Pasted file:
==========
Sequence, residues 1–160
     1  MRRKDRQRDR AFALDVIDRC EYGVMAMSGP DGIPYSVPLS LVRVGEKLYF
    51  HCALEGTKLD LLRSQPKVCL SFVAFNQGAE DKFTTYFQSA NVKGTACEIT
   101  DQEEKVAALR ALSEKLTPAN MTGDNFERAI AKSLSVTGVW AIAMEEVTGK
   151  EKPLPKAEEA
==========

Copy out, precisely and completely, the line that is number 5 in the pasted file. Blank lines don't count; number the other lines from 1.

   151  EKPLPKAEEA